The fans are allowed to submit themes to you – are there any bizarre things? What would you reject from the beginning?
Fans constantly are sending ideas. I get a lot of emails every day and I read all and put them into a library of different topics. Then we discuss what we could potentially do in the future like maybe we will do one day an album called »this or that« and then if I see in my inbox some fan from Chile who says we should write a song about »this« and it would fit to »this« then I put them into this library. In 2010, when we asked the fans to send in ideas for »Coat of Arms« I received about 10,000 ideas. They arrived in hundreds. It’s absolutely great, because it’s impossible to sit back in Sweden and try to know the whole worlds history. We get so many small little tiny stories people like to tell about their ancestors or whatever. And it’s an absolutely amazing way of them contributing to Sabaton. Even though the most requested topic of all time would be »Star Wars«. I don’t think that it’s something we’re going to sing one day, but we now have the 20th anniversary of Sabaton.
That would have been my next question.
People were asking us, what we’re going to do with the band when we have the anniversary. There were those saying: »You should re-release your old songs in a more attractive way«. Or »You should go on a tour playing only old songs.« and I said No, the twenty years of Sabaton should not look so much backwards. And then I thought we could at least say thank you for these twenty years to our fans by giving them something. We cannot give them a box of chocolate because not everybody would like that and it would be a bit complicated to send it out so we thought about what have all our fans in common: they want music, they want us to play songs and write songs. The most requested topic was »Star Wars« but we felt that it wasn’t really the great thing to do. So the second most requested topic – the only one that we thought would make sense would be about the German battleship »Bismarck«.
And I think that all the fans are thankful for that, too. Because when we released it, it was a bit unexpected. It came out of nowhere. And we said: »Here you go. Don’t buy it or purchase this, it won’t go to a record store. Just enjoy it.«
Who creates your stage show? Is it like you say: We can do it like that or is it that you brainstorm as a band …
The new one – erm – I spent a lot of time on the stage set which we have not revealed in full yet. But I spent a lot of time thinking about how it looks today and what kind of pieces we don’t like in it and what we like and how we can adapt them due to the topic of the new album. It was a huge thing. And then we were all sitting together when I presented it like a movie of sorts to the rest of the guys like look at all these images and ideas and creativity and then we all started a crazy brainstorm which lead to too many ideas to be able to achieve in time. Which is usually the thing that happens if you have too many creative people to give input into something.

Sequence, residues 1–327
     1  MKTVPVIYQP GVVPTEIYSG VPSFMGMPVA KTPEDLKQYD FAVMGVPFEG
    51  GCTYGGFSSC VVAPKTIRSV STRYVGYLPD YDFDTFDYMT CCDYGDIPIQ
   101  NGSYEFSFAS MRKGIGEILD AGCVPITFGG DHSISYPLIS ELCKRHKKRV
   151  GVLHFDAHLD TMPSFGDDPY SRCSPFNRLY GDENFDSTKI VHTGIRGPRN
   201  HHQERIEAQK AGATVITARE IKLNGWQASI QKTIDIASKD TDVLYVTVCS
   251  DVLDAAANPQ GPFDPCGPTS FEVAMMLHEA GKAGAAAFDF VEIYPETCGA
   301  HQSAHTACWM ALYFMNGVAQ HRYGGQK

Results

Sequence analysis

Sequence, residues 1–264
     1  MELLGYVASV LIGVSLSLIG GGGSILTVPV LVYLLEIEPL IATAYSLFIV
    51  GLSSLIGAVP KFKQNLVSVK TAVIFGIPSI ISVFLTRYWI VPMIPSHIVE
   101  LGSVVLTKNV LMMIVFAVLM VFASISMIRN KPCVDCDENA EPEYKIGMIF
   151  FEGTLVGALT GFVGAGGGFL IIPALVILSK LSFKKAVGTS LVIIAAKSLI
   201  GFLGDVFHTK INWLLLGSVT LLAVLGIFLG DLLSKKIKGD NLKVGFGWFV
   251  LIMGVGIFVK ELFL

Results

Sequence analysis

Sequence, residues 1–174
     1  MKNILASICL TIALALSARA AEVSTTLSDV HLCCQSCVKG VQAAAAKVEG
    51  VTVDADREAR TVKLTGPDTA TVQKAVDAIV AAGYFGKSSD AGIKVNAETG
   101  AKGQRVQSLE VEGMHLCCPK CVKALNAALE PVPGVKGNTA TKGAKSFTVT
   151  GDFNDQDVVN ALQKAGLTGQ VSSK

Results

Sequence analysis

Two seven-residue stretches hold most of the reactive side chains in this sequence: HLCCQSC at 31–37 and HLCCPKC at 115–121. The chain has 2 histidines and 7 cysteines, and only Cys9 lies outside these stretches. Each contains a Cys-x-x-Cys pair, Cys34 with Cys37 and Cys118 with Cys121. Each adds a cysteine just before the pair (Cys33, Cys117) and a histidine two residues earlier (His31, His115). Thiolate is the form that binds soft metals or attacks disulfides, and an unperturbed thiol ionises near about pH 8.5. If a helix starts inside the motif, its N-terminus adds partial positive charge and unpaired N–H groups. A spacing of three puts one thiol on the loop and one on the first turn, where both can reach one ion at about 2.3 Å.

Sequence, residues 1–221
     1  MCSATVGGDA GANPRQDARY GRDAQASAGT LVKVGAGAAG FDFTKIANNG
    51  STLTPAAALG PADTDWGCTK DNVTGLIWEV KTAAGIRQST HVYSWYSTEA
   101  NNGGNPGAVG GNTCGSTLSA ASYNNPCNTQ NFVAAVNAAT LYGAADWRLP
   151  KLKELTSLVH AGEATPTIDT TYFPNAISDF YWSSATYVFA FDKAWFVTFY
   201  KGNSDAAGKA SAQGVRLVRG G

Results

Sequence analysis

I just try to do as much as I can with the time that is given to me and I know I have only twenty four hours in a day and I’m limited in the amount of people that we can hire to do all of this. I think when Sabaton grows, we bring more and more projects to life. I know I have to put some aside which I really love and want to make sure that they happen. Some we can make and some we cannot. Others have more priority and then I think it goes for the show as well. If I could go absolutely crazy and have all the resources in the world, you would see something amazing. <smirks>
My last question is about food. What’s your favorite German and Swedish food?
I guess you call it food in Germany and that is beer and I think that answer was very expected. But for Swedish it’s Tacos. Swedish tacos, not Mexican ones.
›The Great War‹ – Playful and Condemning
The next single release will be »The Red Baron«. He is one of the most iconic heroes of World War I. A Hammond organ is used, at the beginning in the background, later in the front line.
The final song »In Flanders Fields«, mentioned in the interview for the smooth landing, is a poem by the Canadian Lieutenant Colonel John McCrae. It’s not a metal song, it has a choir only, concluding with a commemoration of the horrors and martyrs of World War I.
As a person who normally is not anchored in the metal bubble, it’s interesting to discover that the rest of the album is really worth listening. The songs focus on the desperation of the people in World War I – and that especially outstandingly in the second last song which demonstrates a dramatically issue with a lot of emotionalism through marching drums and a stomping chorus.
All of this has its roots in a creativity, which has no boundaries. »Wherever I look, whatever I do, I get creative ideas. It’s a blessing and a curse at the same time. If I walk around the streets of Berlin during the day, I’ll probably email myself a lot of times with different ideas. Because whatever I look at, I get ideas what could be potentially go together with that and how can we do it better? I think that’s when my latest assistant was hired. She took the first two weeks to analyze what was coming into my life and what I was working on and then she said to me: Do you know that you are currently working with over 100 projects and you kept all of that in your mind and I said: I never counted them.«
Hopefully, Pär Sundström keeps his creative flow for the next twenty years and after.
Sabaton seem to have reached their position as a »Heavy Metal Band to Remember« especially after releasing the new, outstanding studio album and also after playing a respectable amount of live shows over the years.
| ANNA NOAH
| FOTOS: PÄR S.: Anna Noah / CD-COVER+BAND: Nuclear Blast
Sabaton: The great war
Label: Nuclear Blast